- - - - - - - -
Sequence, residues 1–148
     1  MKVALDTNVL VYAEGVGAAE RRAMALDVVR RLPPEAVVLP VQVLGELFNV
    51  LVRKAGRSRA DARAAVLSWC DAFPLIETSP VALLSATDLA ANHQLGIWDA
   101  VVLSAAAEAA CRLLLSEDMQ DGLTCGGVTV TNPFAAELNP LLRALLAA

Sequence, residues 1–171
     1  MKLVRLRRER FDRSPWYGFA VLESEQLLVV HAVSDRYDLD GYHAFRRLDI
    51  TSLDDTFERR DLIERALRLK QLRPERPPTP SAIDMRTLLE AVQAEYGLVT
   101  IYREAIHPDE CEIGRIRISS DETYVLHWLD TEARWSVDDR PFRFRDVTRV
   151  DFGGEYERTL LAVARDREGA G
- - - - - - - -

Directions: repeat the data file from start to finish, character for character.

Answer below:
Sequence, residues 1–148
     1  MKVALDTNVL VYAEGVGAAE RRAMALDVVR RLPPEAVVLP VQVLGELFNV
    51  LVRKAGRSRA DARAAVLSWC DAFPLIETSP VALLSATDLA ANHQLGIWDA
   101  VVLSAAAEAA CRLLLSEDMQ DGLTCGGVTV TNPFAAELNP LLRALLAA

Sequence, residues 1–171
     1  MKLVRLRRER FDRSPWYGFA VLESEQLLVV HAVSDRYDLD GYHAFRRLDI
    51  TSLDDTFERR DLIERALRLK QLRPERPPTP SAIDMRTLLE AVQAEYGLVT
   101  IYREAIHPDE CEIGRIRISS DETYVLHWLD TEARWSVDDR PFRFRDVTRV
   151  DFGGEYERTL LAVARDREGA G